Today, we’re stepping back and taking a good look at what must have been one of the most awe-inspiring dinosaurs of all time: the magnificent Brachiosaurus.
1. Its Name Means “Arm Lizard.”
Most sauropod, or long-necked, dinos had hind legs which were slightly longer than their forelimbs—but Brachiosaurus and its closest cousins reversed that trend with their tall, burly arms.
2. Paleo-Illustrators Might Have to Give Brachiosaurus a Nose Job.
Andy Hay, Flickr
The behemoth’s nasal openings are located on an enlarged “bump” in front of its eyes. For many years, scientists assumed that the creature’s nostrils must have been located there, an interpretation which has recently fallen under scrutiny. In 2001, paleontologist Lawrence Witmer examined muscle attachment scars in several dinosaur and present-day animal skulls, and based on this research, he concluded that Brachiosaurus’ nose holes weren’t pushed backwards after all, but instead held relatively close to the tip of its snout [PDF].
3. It Walked On Its Toes.
Be a good sport and stand up. Notice that after rising, the full length of each foot supports your body weight. That’s because we humans are “plantigrade” creatures. As such, our heels and toes make direct contact with the ground while standing or walking. This setup works just fine for us, but dinosaurs favored a different approach.
These beasts utilized a “digitigrade” stance where, like modern dogs and cats, their toes/fingers did all of the mass-bearing, leaving the heels permanently raised.
4. Chicago’s O’Hare Airport Features a Resident Brachiosaurus.
If every terminal had one of these, traveling dino-maniacs would definitely miss more flights. A 40-foot-tall, 70-foot-long fiberglass Brachiosaurus skeletal replica was handed over to this airport when the nearby Chicago Field Museum started making room for a newly-acquired T. rex.
5. Brachiosaurus Probably Couldn’t Rear Up Very Well.
During this jaw-dropping scene from Jurassic Park (1993), a computer-animated Brachiosaurus stands upwards on its hind legs to snag a tasty leaf. But could the real animal have followed suit? Dr. Heinrich Mallison argues that, due to its top-heavy build, Brachiosaurus “was probably unlikely to use a bipedal … posture regularly and for an extended period of time. Although this dinosaur certainly could have reared up, for example during mating, this was probably a rare and short-lived event.”
6. It Inspired a Star Wars Creature.
Time for a geek test: In which Star Wars films did the beastie pictured above appear? If you guessed The Phantom Menace and A New Hope: Special Edition, congratulations—you’ve just won a virtual high-five! These hulking Tatooine denizens, officially called “rontos,” were loosely based on Jurassic Park’s digital Brachiosaurus models.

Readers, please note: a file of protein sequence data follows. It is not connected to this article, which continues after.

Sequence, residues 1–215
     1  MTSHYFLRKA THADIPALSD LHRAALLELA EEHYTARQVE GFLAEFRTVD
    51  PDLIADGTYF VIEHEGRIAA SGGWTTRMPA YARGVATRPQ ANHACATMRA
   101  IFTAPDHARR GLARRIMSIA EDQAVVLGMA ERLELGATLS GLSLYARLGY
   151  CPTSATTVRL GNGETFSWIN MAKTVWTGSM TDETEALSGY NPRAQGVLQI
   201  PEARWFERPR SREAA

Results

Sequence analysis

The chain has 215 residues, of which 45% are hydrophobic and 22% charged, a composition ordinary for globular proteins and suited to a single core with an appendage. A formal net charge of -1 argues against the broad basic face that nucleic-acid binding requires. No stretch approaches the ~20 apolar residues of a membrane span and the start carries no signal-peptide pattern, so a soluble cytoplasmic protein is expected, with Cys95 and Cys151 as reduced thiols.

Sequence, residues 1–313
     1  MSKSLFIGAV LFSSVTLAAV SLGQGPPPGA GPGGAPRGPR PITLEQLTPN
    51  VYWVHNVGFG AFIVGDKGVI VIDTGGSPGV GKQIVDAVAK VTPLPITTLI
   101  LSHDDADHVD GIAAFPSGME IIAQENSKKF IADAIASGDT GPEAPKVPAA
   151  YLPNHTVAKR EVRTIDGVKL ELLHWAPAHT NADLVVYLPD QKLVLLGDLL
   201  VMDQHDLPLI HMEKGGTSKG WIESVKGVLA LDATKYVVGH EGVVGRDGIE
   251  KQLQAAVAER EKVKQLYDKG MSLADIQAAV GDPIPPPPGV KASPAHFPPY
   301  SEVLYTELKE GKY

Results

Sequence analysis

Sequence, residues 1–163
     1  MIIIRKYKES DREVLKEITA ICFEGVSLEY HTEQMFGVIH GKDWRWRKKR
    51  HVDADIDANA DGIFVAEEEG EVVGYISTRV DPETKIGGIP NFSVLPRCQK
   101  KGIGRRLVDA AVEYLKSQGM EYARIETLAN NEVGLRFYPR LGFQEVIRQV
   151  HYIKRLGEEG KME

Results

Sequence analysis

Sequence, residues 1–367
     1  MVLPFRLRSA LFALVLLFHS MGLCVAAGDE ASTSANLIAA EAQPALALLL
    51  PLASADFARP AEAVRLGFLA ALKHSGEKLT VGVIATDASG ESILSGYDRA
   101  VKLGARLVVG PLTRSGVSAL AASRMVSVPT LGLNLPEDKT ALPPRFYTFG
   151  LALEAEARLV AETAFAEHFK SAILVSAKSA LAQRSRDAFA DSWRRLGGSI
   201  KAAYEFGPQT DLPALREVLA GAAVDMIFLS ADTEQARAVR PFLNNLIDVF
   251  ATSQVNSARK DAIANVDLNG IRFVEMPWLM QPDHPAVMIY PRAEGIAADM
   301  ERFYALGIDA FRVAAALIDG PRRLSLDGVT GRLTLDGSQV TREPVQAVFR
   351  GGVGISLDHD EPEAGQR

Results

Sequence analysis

7. Its Genus Was Recently Split.
For several decades, paleontologists thought the Brachiosaurus genus included both a North American and an African species, B. altithorax & B. brancai, respectively. However, a 2009 analysis found that these two animals were quite different anatomically. To reflect this, “B. brancai” has since been given its own genus name and is now known as Giraffatitan brancai [PDF].
8. A Weird Notion Claims Brachiosaurus and Other Sauropods Had Trunks.
Every so often, the idea that these guys fed their faces with elephant-style trunks gets tossed around. However, the paleontological community has overwhelmingly panned this suggestion. For starters, an elephant’s schnoz is a heavy-duty instrument which leaves distinctive scars upon the mammal’s bones. There’s simply no evidence of these markings in Brachiosaurus or any of its brethren. Also, given the fact that sauropods doubtlessly used their impressively long necks for food-gathering purposes, they likely wouldn’t require trunks in the first place.
9. Brachiosaurus Played a Role in the Infamous “Brontosaurus” Kerfuffle.
Thomas Quine, Flickr
Sorry, folks, but there’s no such thing as a “Brontosaurus.” In the 1870s, that name was given to a headless sauropod skeleton which turned up in Wyoming. When illustrating the animal’s bones, fossil-hunter Othneil Charles Marsh included a speculative skull drawing modeled after some Brachiosaurus noggin scraps that had been found nearby. Unfortunately, it was later discovered that his “Brontosaurus” was really nothing more than a species of the previously-christened dino Apatosaurus.
10. One of its Relatives Was an “Island Dwarf.”
Big bodies become a handicap when you’re cut off from the mainland—so, when introduced to islands, larger animals tend to get smaller and smaller over time. Not even dinosaurs were immune to this evolutionary pressure: Europasaurus holgeri, a sauropod which once lived off the coast of Germany, reached a meager length of 20 feet! Classification-wise, this Deutschland dino resides within the Brachiosauridae family.
11. Brachiosaurus’ Skull Only Represented 1/200th of its Total Body Volume.
Wolfgang Jung, Flickr
Extremely small heads (proportionally speaking) are a trademark feature of sauropods in general. Why’d they have such puny skulls attached to those hulking bodies? A precise consensus on this point remains elusive, but their elongated necks almost certainly hold the answer. Far-reaching necks can, after all, swing across wide areas, enabling their wielders to nibble on a large sampling of vegetation while barely even moving their lazy feet. Nature often rewards efficiency.